For me "the best" are:

    technically: Virgil Donati - this guy is so good, it almost hurts.

    generally: Mark Nauseef - the most unusual, underrated drummer in Rock, has been doing Jazz and World Music for the last 20+ years. Listen to Ian Gillan Band at The Budokan (Live) for example.

  • I am really enjoying this thread, seems there are some true aficianados out there who could undoubtedly give us insight into drummers. You go to other "Forums", and this one always has the most knowledgable music people posting.

    Frank:div27:
    "if only we'd turn around and notice the door to the cell is open"

  • My choices would be Billy Cobham, Lenny White, Lee Keerslake, Buddy Rich, Gene Krupa, Ringo?, I dunno... that drummer for the Muppets.

  • Quote from lectrahors

    ........ that drummer for the Muppets.

    Certainly, one of the most "enthusiastic" drummers of all time.

    :lol: :lol: :lol:

    I'm definitely no expert on different drummer's techniques,
    but Brian Tichy at Glenn's appearance at Birch Hill (2001)
    was totally incredible.

    He and George Nastos (along with GH playing bass)
    created some fantastic music that night.

  • I think that what makes a drummer truly great is the influence they have on people in the audience...the spark and drive they have that makes that young kid in the audience or sitting in front of his TV set go "Yeah...I wanna do that!!" For that alone, Ringo Starr belongs on the list. It is too easy to poke fun at the fact that he supposedly couldn't do a proper roll....but George Harrison once said; "Ringo's the best backbeat in the business." And in the space of one night in February 1964, Ringo gave the Ludwig Drum Company the kind of exposure and publicity that a marketing executive could only dream about. On millions of TV screens from coast to coast, the Ludwig logo was front and center. Willaim Ludwig would later reflect on how tough it was to get players to use your gear...he spent many an evening in a smoky nightclub knocking back drinks and waiting for the drummer to take a break....then offer him a free kit just for the exposure knowing full well that Bud Slingerland was in the same club with the same goal in mind.... Ringo was a gift from heaven acording to Willam Ludwig; within days after the Ed Sullivan Show, Ludwig had 85,000 back orders for drum sets. That isn't a typo...EIGHTY FIVE THOUSAND drum sets!

    And what about Ginger Baker?? Ginger brought a jazz background and a deep understanding of African percussion styles to a rock arena and made the drum solo a staple of any rock show. He combined jazz chops, athleticism, and a bottomless feel for groove and really formed the mold for all who followed him.

    Charlie Watts and Bill Bruford are both jazzers to the bone who just happened to play in pretty damn good rock bands. Charlie Watts needs no introduction; simply the most famous backbeat in rock music. Most people know Bill for his work with Yes but he really blossomed as a player and hit his stride during his tenure with King Crimson. He didn't play like a rock drummer..but he certainly generated the power of one especially playing alongside the mighty bass of John Wetton. Bill once said that when he initally joined Yes, he was going to play jazz drums .....and after a twisting 35 year journey he is doing just that with Earthworks.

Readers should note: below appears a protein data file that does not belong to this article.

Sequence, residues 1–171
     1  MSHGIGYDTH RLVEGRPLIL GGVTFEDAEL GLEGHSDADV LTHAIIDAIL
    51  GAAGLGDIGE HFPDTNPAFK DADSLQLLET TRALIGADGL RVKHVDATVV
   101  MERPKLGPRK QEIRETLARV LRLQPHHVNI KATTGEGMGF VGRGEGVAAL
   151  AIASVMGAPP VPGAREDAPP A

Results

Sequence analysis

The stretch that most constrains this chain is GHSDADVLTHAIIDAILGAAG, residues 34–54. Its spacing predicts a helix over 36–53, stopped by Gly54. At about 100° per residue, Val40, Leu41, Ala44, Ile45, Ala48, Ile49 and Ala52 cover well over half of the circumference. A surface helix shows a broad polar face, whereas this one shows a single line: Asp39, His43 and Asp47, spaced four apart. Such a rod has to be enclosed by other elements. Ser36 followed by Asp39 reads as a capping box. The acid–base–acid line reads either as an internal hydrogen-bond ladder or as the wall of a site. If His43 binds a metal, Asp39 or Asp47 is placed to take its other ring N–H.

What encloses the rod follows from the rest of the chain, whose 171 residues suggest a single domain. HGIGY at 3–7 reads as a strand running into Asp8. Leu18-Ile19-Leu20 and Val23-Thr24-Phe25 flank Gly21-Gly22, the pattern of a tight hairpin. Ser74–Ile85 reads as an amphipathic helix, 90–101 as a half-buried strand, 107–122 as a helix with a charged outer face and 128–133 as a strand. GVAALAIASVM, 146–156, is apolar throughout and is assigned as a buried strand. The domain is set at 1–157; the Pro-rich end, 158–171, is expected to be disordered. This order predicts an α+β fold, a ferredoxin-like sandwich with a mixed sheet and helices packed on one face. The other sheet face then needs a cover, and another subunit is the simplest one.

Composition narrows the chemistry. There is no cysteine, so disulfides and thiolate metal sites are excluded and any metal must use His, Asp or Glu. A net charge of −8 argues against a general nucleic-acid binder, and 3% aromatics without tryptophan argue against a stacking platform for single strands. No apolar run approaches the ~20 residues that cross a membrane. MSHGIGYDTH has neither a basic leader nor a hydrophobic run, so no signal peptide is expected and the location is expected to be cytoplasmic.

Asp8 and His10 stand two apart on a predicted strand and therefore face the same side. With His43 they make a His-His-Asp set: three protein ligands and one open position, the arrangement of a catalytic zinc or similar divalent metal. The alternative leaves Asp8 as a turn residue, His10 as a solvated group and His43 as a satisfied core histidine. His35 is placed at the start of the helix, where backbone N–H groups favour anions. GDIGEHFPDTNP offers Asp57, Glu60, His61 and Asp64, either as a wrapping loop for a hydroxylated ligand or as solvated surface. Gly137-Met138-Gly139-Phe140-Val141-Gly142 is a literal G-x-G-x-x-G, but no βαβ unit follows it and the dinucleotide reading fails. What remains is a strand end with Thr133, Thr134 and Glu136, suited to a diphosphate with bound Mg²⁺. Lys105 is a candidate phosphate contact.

Mitch Mitchell and his splashy jazz stylings were tailor made for Jimi Hendrix's music...theirs was a symbiotic musical realtionship that produced magic!

    Ten different writers could come up with 10 different lists but how is one "greater" than the next?? It comes down to this; any drummer who can make a kid run down to the nearest music store and buy a set of sticks and a practice pad....or make some teenager in his basement sit down at the kit, put on the headphones and cue up "Live At Leeds" and beat the crap out of his kit....now THAT is greatness!!

    Yours In The Funk
    Bill "Capt. Midnite" Redford

    :ghcp:

    www.facebook.com/bill.redford

    "Cause if you fake the FUNK..your nose got to grow!" Bootsy Collins

  • Hi all
    I'd like to add Narada Michael Walden to the mix , both his work with Tommy & solo, adding some funky beats.
    No-one mentioned Phil Collins ?! He & the likes of Jon Hiseman were ,imho ,lynchpins in the more commercial side of the Jazz Rock 'explosion' in the 70's .
    Cheers
    Ben

  • Sue,
    the other guy is Buddy Rich who kind of invented modern drumming. Fabulous. The clip shows clearly that Carl Palmer, who was mentioned earlier, has learned a lot from him (Palmer always mentions Buddy Rich being his biggest influence) - they even sound very likely!
    Nice clip - thanks for posting that link!
    Cheers,
    Christian

  • Quote from captmidnite1962

    Bill Bruford. Most people know Bill for his work with Yes but he really blossomed as a player and hit his stride during his tenure with King Crimson. He didn't play like a rock drummer..but he certainly generated the power of one especially playing alongside the mighty bass of John Wetton. Bill once said that when he initally joined Yes, he was going to play jazz drums .....and after a twisting 35 year journey he is doing just that with Earthworks.

    Ten different writers could come up with 10 different lists but how is one "greater" than the next?? It comes down to this; any drummer who can make a kid run down to the nearest music store and buy a set of sticks and a practice pad....or make some teenager in his basement sit down at the kit, put on the headphones and cue up "Live At Leeds" and beat the crap out of his kit....now THAT is greatness!!

    Bill, very well put!
    I was thinking about putting Bruford on that list too.
    Attached a 50 seconds clip!! King Crimson Live 1973. Genius drumming - and some mighty bass guitar work indeed.
    Enjoy!
    Christian

Join in now!

Don’t have an account yet? Register yourself now and be a part of our community!